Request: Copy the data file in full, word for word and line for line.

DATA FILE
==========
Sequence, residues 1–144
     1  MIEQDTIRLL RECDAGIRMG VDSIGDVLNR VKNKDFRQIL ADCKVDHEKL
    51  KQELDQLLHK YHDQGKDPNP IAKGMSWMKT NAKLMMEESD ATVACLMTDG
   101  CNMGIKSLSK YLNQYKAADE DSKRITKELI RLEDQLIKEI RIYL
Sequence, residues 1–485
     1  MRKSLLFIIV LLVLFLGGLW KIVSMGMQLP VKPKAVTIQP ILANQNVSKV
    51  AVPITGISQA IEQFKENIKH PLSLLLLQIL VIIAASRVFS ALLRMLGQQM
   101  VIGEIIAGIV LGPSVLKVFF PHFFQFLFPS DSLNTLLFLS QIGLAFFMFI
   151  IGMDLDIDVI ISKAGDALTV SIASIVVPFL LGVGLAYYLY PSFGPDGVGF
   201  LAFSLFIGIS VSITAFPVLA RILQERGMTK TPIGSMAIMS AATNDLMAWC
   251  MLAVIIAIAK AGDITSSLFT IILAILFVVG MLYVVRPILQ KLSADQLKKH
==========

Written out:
Sequence, residues 1–144
     1  MIEQDTIRLL RECDAGIRMG VDSIGDVLNR VKNKDFRQIL ADCKVDHEKL
    51  KQELDQLLHK YHDQGKDPNP IAKGMSWMKT NAKLMMEESD ATVACLMTDG
   101  CNMGIKSLSK YLNQYKAADE DSKRITKELI RLEDQLIKEI RIYL
Sequence, residues 1–485
     1  MRKSLLFIIV LLVLFLGGLW KIVSMGMQLP VKPKAVTIQP ILANQNVSKV
    51  AVPITGISQA IEQFKENIKH PLSLLLLQIL VIIAASRVFS ALLRMLGQQM
   101  VIGEIIAGIV LGPSVLKVFF PHFFQFLFPS DSLNTLLFLS QIGLAFFMFI
   151  IGMDLDIDVI ISKAGDALTV SIASIVVPFL LGVGLAYYLY PSFGPDGVGF
   201  LAFSLFIGIS VSITAFPVLA RILQERGMTK TPIGSMAIMS AATNDLMAWC
   251  MLAVIIAIAK AGDITSSLFT IILAILFVVG MLYVVRPILQ KLSADQLKKH